Aug 132014

If you ever had to change the motherboard of your computer and wanted to keep the Windows installation on it, you might have encountered the dreaded Blue Screen of Death with an unhelpful error code.

In my case, this was a Windows 7 installation where the on board SATA controller started to misbehave. These problems didn’t show up in Windows but only when I did my weekly backup using CloneZilla. I wonder what would have happened if I had happily continued to use this computer because Windows didn’t warn me?

First I put the hard disk into a different computer, started CloneZilla and made a backup. No errors showed up, so it wasn’t the hard disk but the controller.

Then I threw out the old motherboard and took a new (cheap) one that still supported my old Dual Core processor and RAM. Connected everything and booted the box. I was expecting for it just to work. This is Windows 7, one of the most modern operating systems available, so driver issues should be a thing of the past, right?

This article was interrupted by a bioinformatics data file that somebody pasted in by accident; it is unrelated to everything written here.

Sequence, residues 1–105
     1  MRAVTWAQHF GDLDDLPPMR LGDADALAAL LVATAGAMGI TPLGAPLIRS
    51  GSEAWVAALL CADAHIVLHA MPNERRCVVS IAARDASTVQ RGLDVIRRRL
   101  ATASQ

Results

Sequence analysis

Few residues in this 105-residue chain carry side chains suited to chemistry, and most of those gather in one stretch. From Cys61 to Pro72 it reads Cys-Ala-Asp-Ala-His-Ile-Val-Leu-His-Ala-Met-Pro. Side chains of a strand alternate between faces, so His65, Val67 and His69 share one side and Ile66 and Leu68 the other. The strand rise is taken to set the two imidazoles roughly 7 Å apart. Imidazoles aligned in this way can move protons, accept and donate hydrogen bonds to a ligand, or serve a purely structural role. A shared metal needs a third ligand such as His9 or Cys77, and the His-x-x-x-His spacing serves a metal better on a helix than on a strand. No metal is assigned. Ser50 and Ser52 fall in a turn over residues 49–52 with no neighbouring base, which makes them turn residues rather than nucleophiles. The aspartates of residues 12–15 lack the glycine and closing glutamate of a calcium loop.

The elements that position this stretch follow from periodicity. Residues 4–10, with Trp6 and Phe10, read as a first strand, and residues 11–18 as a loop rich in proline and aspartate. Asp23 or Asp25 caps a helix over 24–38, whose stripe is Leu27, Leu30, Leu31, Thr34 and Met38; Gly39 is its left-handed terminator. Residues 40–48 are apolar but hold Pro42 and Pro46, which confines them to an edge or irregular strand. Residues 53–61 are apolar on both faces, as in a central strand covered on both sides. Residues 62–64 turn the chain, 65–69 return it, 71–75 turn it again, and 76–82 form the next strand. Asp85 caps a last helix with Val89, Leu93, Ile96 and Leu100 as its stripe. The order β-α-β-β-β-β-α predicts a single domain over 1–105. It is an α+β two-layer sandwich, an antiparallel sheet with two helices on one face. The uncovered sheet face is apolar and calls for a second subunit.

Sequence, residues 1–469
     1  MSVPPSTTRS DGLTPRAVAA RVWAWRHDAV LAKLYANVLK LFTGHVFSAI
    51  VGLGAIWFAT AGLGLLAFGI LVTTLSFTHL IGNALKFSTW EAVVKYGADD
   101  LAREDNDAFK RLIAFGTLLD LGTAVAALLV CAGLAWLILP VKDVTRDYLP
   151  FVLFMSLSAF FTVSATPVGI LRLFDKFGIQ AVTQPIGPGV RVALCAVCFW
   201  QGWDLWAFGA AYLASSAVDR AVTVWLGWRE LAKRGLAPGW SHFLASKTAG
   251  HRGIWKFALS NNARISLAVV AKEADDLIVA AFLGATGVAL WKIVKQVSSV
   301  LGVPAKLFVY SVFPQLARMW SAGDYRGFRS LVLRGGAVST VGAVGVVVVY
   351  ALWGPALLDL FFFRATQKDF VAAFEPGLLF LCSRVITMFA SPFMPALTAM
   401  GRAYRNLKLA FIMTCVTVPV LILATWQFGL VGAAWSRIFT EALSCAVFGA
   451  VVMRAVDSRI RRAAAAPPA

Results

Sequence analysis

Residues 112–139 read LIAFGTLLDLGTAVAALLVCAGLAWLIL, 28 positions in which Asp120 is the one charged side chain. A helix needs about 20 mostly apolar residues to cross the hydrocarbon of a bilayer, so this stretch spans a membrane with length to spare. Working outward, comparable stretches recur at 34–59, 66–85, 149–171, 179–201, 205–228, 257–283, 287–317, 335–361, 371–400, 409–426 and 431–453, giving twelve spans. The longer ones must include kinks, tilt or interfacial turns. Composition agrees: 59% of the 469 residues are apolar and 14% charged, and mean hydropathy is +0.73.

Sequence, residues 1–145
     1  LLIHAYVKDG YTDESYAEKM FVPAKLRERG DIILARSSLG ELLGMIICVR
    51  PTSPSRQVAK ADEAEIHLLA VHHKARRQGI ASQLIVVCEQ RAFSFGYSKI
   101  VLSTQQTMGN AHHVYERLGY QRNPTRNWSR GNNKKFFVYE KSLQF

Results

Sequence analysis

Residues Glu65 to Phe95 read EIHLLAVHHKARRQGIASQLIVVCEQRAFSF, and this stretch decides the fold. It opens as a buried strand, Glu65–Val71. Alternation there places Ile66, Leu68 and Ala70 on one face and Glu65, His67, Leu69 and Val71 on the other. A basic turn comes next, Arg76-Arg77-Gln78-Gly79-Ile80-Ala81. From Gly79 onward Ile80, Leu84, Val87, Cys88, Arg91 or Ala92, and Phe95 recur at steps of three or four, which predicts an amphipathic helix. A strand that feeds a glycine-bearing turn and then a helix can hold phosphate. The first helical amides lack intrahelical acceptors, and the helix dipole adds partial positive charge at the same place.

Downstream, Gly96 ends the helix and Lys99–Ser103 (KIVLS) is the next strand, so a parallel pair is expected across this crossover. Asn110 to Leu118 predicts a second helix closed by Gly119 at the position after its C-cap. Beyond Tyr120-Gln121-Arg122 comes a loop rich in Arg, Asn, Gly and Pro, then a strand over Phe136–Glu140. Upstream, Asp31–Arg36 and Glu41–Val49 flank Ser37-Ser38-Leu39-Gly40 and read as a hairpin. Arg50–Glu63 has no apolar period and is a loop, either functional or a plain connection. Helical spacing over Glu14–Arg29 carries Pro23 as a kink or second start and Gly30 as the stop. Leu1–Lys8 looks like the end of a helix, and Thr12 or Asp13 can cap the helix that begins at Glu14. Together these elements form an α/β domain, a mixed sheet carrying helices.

Well, not so. Windows 7 crashed and rebooted, crashed and rebooted, crashed and rebooted. After a while I got tired of this 😉 , pressed F8 for the boot menu and disabled automatic reboot on errors. Then I got the BSOD in all it’s glory: Error code 0x7B, meaning “INACCESSIBLE_BOOT_DEVICE”.

In the olden (Windows XP) days this was a symptom of the SATA controller running in AHCI mode and Windows expecting IDE mode or vice versa. Apparently this is still the same with Windows 7 (When will you ever learn, Microsoft?).

Unfortunately the new board’s BIOS did not really allow me to switch the SATA mode (it seemed to allow me, but it didn’t make any difference). So after swearing a lot I turned to Google and found … a lot, most of it not really helpful. Hours (literally!) later, the solution turned out to be the following:

To allow Windows 7 to boot in IDE as well as AHCI mode, I had to enable the following drivers (by setting “Start” to “0” in the registry, there might be other options to do this):


The first two allow Windows 7 to boot from SATA in IDE mode. The second two allow Windows 7 to boot from SATA in AHCI mode.

So, why isn’t that the default? I have no idea.
(Do I have to point out that Linux booted on the updated box without any problems? Which one is the more user friendly system?)

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